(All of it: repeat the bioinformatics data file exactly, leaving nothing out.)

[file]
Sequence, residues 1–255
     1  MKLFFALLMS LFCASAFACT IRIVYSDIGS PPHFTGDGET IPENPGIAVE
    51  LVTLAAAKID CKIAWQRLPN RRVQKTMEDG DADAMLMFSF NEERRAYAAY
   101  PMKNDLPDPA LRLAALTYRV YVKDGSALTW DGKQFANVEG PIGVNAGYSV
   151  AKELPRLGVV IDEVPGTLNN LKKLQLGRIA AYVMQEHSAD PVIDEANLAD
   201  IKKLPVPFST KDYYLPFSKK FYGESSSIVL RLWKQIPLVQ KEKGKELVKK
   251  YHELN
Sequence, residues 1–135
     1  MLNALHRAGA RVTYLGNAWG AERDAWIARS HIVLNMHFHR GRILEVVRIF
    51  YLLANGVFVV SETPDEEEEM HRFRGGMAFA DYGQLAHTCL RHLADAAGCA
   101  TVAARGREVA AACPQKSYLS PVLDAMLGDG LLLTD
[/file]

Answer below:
Sequence, residues 1–255
     1  MKLFFALLMS LFCASAFACT IRIVYSDIGS PPHFTGDGET IPENPGIAVE
    51  LVTLAAAKID CKIAWQRLPN RRVQKTMEDG DADAMLMFSF NEERRAYAAY
   101  PMKNDLPDPA LRLAALTYRV YVKDGSALTW DGKQFANVEG PIGVNAGYSV
   151  AKELPRLGVV IDEVPGTLNN LKKLQLGRIA AYVMQEHSAD PVIDEANLAD
   201  IKKLPVPFST KDYYLPFSKK FYGESSSIVL RLWKQIPLVQ KEKGKELVKK
   251  YHELN
Sequence, residues 1–135
     1  MLNALHRAGA RVTYLGNAWG AERDAWIARS HIVLNMHFHR GRILEVVRIF
    51  YLLANGVFVV SETPDEEEEM HRFRGGMAFA DYGQLAHTCL RHLADAAGCA
   101  TVAARGREVA AACPQKSYLS PVLDAMLGDG LLLTD